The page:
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The Strategy and Role of Qatar Financial Centre in Economic Diversification

1. Introduction

Qatar has been one of the fastest growing countries not just in the Middle East region but also in the entire world. While the region has seen steep growth rates during the last decade, thanks to parabolic rise in crude oil prices, Qatar has managed to remain on top of the region through its strong oil and gas reserves. Already the largest supplier of liquid natural gas to the world, Qatar would account for one-third of the global supply by 2010. Qatar has grown at an average of over 15% during the last decade. However the country faces some critical risks to its ambitious growth projections. It is seen that the country draws most of its GDP from oil and gas sectors. The country also has not been able to compete with peers in attracting foreign investments. The government has undertaken a number of measures to address these issues. One such measure is the creation of independent finance centre called Qatar Financial Centre (QFC). QFC has been instituted as an on-shore finance free zone where international financial institutions can set up 100% owned businesses and transact with Qatari as well as off-shore entities. This model has been created imitating similar entities created by Dubai and Bahrain. However QFC distinguishes itself from others in some important ways. The government believes that QFC would act as a tool to stimulate finance sector growth in the country and in turn become an agent of diversification. At present, finance sector account for less than 10% of total GDP of the country. Besides some improvements over the other comparable finance centres, Qatari government also has an important agenda to unite the regulators and create a single regulatory system throughout the country. It is believed that these factors would push QFC to the front of the intense race for finance supremacy among Bahrain, Qatar and Dubai. While Bahrain has an advantage as the earliest starter of the on-shore finance centre model, Dubai has a reputation for highly diversified economy. Qatar is promoting its oil and gas reserves as the differentiator. QFC was created on 1 May 2005 and so is still at its earliest stages. The objective of this report is to analyse the crucial role of QFC, its importance and impact.

6. Conclusion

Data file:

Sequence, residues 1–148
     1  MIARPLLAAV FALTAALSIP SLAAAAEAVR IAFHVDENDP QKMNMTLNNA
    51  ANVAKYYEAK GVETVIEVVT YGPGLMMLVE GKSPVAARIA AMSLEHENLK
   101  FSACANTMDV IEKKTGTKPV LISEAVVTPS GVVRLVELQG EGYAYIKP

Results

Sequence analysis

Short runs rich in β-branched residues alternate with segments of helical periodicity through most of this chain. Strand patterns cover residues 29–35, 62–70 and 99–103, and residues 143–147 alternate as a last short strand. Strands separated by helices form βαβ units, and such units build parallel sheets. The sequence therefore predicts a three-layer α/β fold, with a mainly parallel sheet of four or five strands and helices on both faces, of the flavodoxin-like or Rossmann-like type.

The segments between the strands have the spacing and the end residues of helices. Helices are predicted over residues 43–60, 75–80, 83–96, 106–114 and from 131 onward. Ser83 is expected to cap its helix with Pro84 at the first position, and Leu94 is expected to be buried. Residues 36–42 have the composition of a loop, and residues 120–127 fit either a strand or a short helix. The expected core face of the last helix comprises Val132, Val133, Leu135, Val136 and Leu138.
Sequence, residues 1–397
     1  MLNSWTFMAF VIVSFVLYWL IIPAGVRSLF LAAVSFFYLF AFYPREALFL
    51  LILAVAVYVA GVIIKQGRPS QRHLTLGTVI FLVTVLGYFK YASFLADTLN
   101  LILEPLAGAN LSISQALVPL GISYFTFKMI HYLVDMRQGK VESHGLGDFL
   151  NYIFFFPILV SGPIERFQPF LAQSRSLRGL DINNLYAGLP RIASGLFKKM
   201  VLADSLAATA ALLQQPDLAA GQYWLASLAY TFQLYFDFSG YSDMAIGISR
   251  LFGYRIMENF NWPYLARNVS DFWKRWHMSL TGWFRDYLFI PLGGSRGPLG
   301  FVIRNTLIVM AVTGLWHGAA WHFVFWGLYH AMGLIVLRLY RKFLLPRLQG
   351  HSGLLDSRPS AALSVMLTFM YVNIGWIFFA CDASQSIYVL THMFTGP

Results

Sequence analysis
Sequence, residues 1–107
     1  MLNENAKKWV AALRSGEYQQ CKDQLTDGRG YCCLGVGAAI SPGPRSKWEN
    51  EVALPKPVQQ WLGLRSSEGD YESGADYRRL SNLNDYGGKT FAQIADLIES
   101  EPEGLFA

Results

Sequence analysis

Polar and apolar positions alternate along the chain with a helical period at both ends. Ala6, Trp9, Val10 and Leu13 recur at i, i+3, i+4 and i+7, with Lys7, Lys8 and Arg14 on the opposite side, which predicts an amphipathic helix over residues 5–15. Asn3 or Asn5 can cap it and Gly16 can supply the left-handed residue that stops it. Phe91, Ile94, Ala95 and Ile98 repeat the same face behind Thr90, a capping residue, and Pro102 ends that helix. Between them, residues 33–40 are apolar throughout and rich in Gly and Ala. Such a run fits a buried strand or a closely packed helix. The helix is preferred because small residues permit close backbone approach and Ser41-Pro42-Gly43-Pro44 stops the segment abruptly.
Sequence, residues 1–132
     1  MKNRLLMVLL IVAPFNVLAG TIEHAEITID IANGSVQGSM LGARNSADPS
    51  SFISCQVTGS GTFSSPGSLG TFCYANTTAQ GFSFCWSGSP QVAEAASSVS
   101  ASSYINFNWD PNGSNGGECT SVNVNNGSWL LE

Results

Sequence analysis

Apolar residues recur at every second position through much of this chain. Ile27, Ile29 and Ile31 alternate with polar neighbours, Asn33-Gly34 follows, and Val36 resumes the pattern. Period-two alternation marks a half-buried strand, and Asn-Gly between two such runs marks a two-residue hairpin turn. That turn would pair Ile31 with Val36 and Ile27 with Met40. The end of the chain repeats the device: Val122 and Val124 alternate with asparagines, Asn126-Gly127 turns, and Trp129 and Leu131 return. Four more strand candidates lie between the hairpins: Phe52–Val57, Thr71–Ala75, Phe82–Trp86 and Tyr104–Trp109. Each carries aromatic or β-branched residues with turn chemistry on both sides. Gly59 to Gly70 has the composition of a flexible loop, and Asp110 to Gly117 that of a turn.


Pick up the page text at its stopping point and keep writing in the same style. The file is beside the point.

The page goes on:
Qatar Financial Centre has been touted as an important development in the economy of Qatar due to a number of crucial roles that the centre is expected to perform - as an enabler of economic diversification and a launch pad for foreign financial institutions into the growing economy of Qatar and the greater region. It is believed that QFC would contribute to the growth of finance sector and the GDP of the country by attracting the interest of foreign financial institutions into the nascent domestic finance sector which contributes less than 10% to the GDP at present. QFC is also expected promote brand Qatar and attract FDI inflows into the finance sector and other sectors in the economy. Besides, it is expected that QFC would elevate the transparency and governance standards of Qatar. QFC is also expected to have a regulatory environment akin to the home regulatory environment in which the target institutions already operate in. So far QFC has attracted 115 members and the short history makes it difficult make any valid judgement on the expected success or failure of QFC. However it is seen that QFC would be required to compete hard for to attain its objective particularly amidst Dubai International Financial Centre and Bahrain Financial Harbour. In order to differentiate itself, QFC has learnt or has to learn a few important points from its peers. QFC has observed the problems associated with being a pure-breed off-shore finance centre and so has been created as an on-shore finance centre right from the beginning. However, being an on-shore centre, its present system of multiple regulators is expected to cause dichotomy and regulatory risk for institutions. Hence, the government is implementing a plan to unite the regulators under a single mandate with assistance from the IMF. QFC has to learn from the frictions seen in DIFC that over-regulation could become a problem considering the nascent nature of finance sector in the country.

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